In 2010, Writer’s Digest will turn 90. To celebrate, we’ll be counting down to our nonagenarian years with a look back at WD history. In the April issue, we tipped our bookmarks to some of the literary heroes who have graced our pages since 1920. The retrospective continues here.
“The pleasure is the rewriting: The first sentence can’t be written until the final sentence is written.” —Joyce Carol Oates (April 1986 WD)
“At parties, people usually approach the writer of horror fiction with a mixture of wonder and trepidation. They look carefully into your eyes to make sure there’s no overt bloodlust in them, and then ask the inevitable question: ‘I really liked your last story … where do you get your ideas?” —Stephen King, in his article “The Horror Writer Market and the Ten Bears” (November 1973 WD)
“The only obligation any artist can have is to himself. His work means nothing, otherwise. It has no meaning.” —Truman Capote (January 1966 WD)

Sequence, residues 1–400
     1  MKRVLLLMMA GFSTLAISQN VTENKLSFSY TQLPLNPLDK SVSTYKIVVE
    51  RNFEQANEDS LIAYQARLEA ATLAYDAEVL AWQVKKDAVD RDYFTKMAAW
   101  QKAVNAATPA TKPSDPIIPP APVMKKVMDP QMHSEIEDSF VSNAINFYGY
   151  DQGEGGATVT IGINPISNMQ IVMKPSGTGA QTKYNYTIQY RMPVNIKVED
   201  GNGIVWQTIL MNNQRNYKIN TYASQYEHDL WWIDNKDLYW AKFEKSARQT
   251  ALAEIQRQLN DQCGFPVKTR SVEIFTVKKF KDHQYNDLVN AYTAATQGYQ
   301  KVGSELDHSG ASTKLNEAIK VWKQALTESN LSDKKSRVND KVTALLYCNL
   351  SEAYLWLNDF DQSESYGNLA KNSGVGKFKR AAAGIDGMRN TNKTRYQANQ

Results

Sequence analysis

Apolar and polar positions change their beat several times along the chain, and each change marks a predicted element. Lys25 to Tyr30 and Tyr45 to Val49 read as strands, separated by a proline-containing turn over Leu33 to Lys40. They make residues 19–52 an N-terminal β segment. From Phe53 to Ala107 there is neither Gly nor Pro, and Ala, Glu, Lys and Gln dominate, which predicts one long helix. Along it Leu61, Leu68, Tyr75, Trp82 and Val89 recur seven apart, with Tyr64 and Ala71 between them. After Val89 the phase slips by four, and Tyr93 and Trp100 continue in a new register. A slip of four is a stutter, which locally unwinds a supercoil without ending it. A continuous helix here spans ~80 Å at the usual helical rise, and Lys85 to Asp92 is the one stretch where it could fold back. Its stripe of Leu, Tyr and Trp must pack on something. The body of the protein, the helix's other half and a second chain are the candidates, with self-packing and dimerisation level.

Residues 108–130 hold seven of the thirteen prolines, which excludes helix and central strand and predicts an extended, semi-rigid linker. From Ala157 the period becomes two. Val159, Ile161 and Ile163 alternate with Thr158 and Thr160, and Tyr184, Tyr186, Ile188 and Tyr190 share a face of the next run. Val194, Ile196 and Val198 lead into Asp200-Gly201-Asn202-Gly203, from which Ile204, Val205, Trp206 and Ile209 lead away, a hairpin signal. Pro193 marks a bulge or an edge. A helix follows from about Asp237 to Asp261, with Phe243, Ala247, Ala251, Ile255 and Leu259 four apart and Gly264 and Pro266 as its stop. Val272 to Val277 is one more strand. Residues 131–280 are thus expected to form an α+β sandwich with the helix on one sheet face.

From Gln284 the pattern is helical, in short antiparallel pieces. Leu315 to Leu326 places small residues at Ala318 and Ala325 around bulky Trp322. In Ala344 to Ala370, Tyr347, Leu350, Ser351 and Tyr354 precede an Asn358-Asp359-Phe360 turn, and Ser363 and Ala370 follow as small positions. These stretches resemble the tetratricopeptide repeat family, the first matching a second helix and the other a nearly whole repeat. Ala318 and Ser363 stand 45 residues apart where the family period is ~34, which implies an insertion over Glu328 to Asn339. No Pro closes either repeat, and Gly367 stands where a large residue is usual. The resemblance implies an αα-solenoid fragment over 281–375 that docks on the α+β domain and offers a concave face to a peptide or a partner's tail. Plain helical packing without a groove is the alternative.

• January 1962 cover, Kerouac
• Classified ad from Jack London’s secretary, January 1934 WD, p. 7
• O. Henry’s Christmas Story, letter to editor, September 1926 WD, p. 43
• Ambrose Bierce-endorsed ad, December 1931 WD, p. 2
• April 1974 cover, April Fools
• 1st page of Pearl S. Buck’s article “Advice to Novelists,” (entire article is 6 pages) April 1935, p. 13
To read an interview with Ernest Hemingway and writing advice other legends of literature, click here.
Click here to visit the forum and post a picture of yourself with your oldest issue of WD! At the end of the year, one participant will be randomly chosen to win a copy of Legends of Literature: The Best Articles, Interviews and Essays from the Archives of Writer’s Digest Magazine.